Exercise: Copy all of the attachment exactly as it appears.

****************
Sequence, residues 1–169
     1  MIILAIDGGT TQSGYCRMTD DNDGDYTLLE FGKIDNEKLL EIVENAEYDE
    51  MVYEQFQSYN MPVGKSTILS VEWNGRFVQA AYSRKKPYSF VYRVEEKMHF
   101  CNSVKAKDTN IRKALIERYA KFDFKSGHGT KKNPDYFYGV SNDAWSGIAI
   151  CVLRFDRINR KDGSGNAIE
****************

Sequence, residues 1–169
     1  MIILAIDGGT TQSGYCRMTD DNDGDYTLLE FGKIDNEKLL EIVENAEYDE
    51  MVYEQFQSYN MPVGKSTILS VEWNGRFVQA AYSRKKPYSF VYRVEEKMHF
   101  CNSVKAKDTN IRKALIERYA KFDFKSGHGT KKNPDYFYGV SNDAWSGIAI
   151  CVLRFDRINR KDGSGNAIE